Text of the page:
Conflicting forces have shaped the New York real estate market during the first quarter of
2015. Inventory remains low, but many properties linger. Certain segments thrive while others struggle, and the co-op and condo markets continue to display different trajectories as their respective constituencies, domestic for co-ops and more international for condos, respond to different stimuli in the press of national and international events. In short we have devolved into an arena with so many submarkets that it is almost impossible to broadly characterize the market overall.
• The ultra luxury condominium market receives more press attention than any other
area of the real estate landscape. Records were shattered when a condominium sale, that of a duplex penthouse at 157 West 57th Street, broke through the $100 million mark
in January. But the reality is more complex than this marquee sale would suggest. 57th Street, from Second Avenue to Eighth Avenue, is now lined with super tall, super luxury condominiums in various states of completion. Not all of these buildings are selling briskly. Not only do they compete with each other, but they also face headwinds in a market in which international forces now mitigate against rather than for them. With the euro at historic lows against the dollar, with the Russian economy struggling under the dual burden of sanctions and falling oil prices, the pool of prospective purchasers for properties costing $30 million and up has diminished. One sees it in the plethora of
penthouses for sale below 23rd Street, this one for $25 million, that one for $35 million. No doubt buyers will be found, but these units are not rushing off the shelves.
• At the same time, less expensive condominiums are much in demand and not just with foreign buyers. While there are still many investors looking for properties to buy and rent in the $5 million to $10 million market, these two and three bedroom properties are also more and more popular with New Yorkers and people from around the country who do not want the inconvenience they perceive with a co-op purchase. Twenty years
ago, the only appropriate choice for well-heeled New Yorkers was seen to be a co-op in a fine prewar building or one of the handful of “new” building like Imperial House or 860,
870, 875, and 880 Fifth which were seen as prewar equivalents. That world has changed. As new condominiums offer high end finishes in kitchens and baths, spacious rooms and elegant layouts, more and more local people want to take advantage of the joint benefits of buying everything new (or relatively new, if buying a resale) and not subjecting themselves to the microscopic financial and social scrutiny of the co-op Boards.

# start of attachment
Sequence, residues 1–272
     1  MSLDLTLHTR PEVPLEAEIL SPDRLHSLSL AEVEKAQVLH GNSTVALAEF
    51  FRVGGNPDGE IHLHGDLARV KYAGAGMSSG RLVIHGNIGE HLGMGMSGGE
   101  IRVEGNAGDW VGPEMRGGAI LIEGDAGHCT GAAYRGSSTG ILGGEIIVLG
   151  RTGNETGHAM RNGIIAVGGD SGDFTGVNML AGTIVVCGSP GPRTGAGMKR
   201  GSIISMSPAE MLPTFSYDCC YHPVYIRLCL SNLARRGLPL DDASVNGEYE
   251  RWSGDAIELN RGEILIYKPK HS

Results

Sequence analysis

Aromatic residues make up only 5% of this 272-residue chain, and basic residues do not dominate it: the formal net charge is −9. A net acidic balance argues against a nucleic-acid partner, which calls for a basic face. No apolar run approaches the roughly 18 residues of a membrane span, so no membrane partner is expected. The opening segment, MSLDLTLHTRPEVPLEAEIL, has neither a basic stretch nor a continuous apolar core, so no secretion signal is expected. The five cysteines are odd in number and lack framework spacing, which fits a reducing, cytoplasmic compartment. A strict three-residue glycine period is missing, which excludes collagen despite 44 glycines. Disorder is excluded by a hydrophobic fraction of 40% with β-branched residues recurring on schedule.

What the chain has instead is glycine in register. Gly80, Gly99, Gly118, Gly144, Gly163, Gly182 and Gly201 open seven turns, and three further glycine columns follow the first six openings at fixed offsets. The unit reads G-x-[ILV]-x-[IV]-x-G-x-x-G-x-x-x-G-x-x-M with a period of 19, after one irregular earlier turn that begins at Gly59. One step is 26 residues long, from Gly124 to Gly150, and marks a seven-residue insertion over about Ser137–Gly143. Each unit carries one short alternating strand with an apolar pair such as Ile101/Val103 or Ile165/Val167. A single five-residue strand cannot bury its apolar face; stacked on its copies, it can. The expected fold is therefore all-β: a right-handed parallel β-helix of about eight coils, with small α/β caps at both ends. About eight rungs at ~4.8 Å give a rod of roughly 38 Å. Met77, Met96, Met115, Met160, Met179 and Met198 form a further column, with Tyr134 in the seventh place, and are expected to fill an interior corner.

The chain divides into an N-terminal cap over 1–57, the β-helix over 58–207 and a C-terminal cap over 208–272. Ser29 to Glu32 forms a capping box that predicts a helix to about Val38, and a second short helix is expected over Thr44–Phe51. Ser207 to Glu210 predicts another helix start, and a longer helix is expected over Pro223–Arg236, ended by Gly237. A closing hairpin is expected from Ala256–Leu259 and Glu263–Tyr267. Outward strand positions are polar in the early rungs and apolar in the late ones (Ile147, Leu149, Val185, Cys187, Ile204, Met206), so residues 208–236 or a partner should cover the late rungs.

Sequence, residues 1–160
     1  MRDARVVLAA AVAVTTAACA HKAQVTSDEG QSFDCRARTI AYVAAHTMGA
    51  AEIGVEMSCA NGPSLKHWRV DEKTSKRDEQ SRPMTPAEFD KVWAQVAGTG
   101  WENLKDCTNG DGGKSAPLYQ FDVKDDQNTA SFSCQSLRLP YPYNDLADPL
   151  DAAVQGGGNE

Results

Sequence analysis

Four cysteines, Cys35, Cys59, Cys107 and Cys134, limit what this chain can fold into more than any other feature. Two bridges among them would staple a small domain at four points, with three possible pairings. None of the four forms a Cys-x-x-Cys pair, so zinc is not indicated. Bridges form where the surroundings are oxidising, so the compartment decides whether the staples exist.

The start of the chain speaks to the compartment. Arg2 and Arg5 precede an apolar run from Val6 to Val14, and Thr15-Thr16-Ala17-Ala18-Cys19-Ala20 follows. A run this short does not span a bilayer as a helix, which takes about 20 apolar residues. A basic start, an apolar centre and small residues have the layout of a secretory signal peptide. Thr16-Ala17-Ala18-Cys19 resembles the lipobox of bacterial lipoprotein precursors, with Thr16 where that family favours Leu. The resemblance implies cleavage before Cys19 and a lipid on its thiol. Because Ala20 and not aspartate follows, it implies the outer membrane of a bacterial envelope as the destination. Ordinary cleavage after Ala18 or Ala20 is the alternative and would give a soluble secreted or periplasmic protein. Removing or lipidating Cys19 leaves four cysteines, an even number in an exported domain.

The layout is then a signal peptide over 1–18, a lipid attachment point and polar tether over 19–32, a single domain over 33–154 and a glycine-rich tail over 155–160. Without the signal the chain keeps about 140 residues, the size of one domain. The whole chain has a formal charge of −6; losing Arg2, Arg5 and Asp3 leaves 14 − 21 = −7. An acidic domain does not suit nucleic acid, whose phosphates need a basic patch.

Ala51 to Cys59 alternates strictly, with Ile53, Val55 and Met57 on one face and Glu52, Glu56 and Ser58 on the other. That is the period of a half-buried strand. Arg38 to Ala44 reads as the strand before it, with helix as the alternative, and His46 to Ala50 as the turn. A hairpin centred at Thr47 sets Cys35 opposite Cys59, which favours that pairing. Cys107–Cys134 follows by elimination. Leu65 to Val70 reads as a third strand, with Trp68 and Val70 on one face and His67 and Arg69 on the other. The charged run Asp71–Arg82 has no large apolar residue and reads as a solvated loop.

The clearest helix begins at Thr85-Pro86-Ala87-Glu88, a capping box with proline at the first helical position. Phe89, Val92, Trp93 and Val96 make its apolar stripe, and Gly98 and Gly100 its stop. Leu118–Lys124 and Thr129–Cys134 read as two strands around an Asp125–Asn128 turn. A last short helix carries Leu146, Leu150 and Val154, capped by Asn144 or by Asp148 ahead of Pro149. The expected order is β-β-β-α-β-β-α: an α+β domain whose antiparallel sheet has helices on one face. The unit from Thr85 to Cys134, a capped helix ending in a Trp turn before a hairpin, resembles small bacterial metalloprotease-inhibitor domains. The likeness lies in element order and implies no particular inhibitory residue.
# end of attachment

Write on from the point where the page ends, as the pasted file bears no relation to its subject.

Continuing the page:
• In the co-op world of the Upper East Side, larger units, especially those needing work (which tends to be most of them) linger on the market, often for six months, nine months, even a year or more. Proper pricing is key for these properties, whether in the stately Park and Fifth Avenue palazzos or, even more, in the grande dame apartment buildings of Sutton Place and East End Avenue. The sellers of these units are constantly asking their agents, why don’t we get more foot traffic? Why don’t people make offers? The answer is always pricing. Unless they are sure it will fall within their price range, buyers don’t want to see it. And if they do see it, they don’t want to bid low and be disappointed. They would prefer to move on. It is vital to build in a discount for the inconvenience of dealing with a co-op Board’s renovation rules when selling a tired apartment. Properly priced, these homes can sell fast. Otherwise, they linger.
• Three and four bedroom properties on the Upper West side or in Greenwich Village continue to fare better than their Upper East Side counterparts, partly because there are so many fewer of them. Central Park West is still much in demand, as is anything around Washington Square. But even here, an overly ambitious price can drive buyers away and slow activity to a standstill.
• By far the most active part of the market is that for properties asking $2 million or less.
In Manhattan, in Brooklyn, in Long Island City, these are the co-op and condo units which often still bring multiple offers and sell at prices 5% or 10% above their initial
ask. One recent Warburg listing, a large one bedroom apartment on the Upper East Side listed for $899,000, was viewed during the first Open House by 70 people and received
12 offers before selling at more then 10% over the original asking price.
It’s rare to see such disparate behavior in different market segments. The unifying themes are price and scarcity. Where properties are properly priced and inventory remains scarce, they move quickly. As inventory builds up for larger estate apartments, or 57th Street condominiums, or more generic one bedrooms on First or Second Avenue, prices fall under pressure to reduce. And until they do, these units won’t sell. It will be extremely interesting to see which prices increase, which stabilize, and which get reduced to bring about sales during the second quarter.